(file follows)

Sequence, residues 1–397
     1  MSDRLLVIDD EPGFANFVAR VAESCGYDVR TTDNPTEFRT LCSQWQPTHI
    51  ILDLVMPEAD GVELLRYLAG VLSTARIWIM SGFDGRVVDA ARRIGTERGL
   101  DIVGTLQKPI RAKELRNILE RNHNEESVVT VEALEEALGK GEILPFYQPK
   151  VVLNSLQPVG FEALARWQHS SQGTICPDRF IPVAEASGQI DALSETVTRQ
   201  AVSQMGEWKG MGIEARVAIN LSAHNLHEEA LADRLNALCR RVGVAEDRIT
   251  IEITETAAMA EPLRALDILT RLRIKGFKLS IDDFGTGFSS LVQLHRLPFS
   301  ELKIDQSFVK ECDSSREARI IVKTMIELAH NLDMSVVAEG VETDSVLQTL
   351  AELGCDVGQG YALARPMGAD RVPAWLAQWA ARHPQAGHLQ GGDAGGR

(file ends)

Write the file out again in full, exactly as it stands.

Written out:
Sequence, residues 1–397
     1  MSDRLLVIDD EPGFANFVAR VAESCGYDVR TTDNPTEFRT LCSQWQPTHI
    51  ILDLVMPEAD GVELLRYLAG VLSTARIWIM SGFDGRVVDA ARRIGTERGL
   101  DIVGTLQKPI RAKELRNILE RNHNEESVVT VEALEEALGK GEILPFYQPK
   151  VVLNSLQPVG FEALARWQHS SQGTICPDRF IPVAEASGQI DALSETVTRQ
   201  AVSQMGEWKG MGIEARVAIN LSAHNLHEEA LADRLNALCR RVGVAEDRIT
   251  IEITETAAMA EPLRALDILT RLRIKGFKLS IDDFGTGFSS LVQLHRLPFS
   301  ELKIDQSFVK ECDSSREARI IVKTMIELAH NLDMSVVAEG VETDSVLQTL
   351  AELGCDVGQG YALARPMGAD RVPAWLAQWA ARHPQAGHLQ GGDAGGR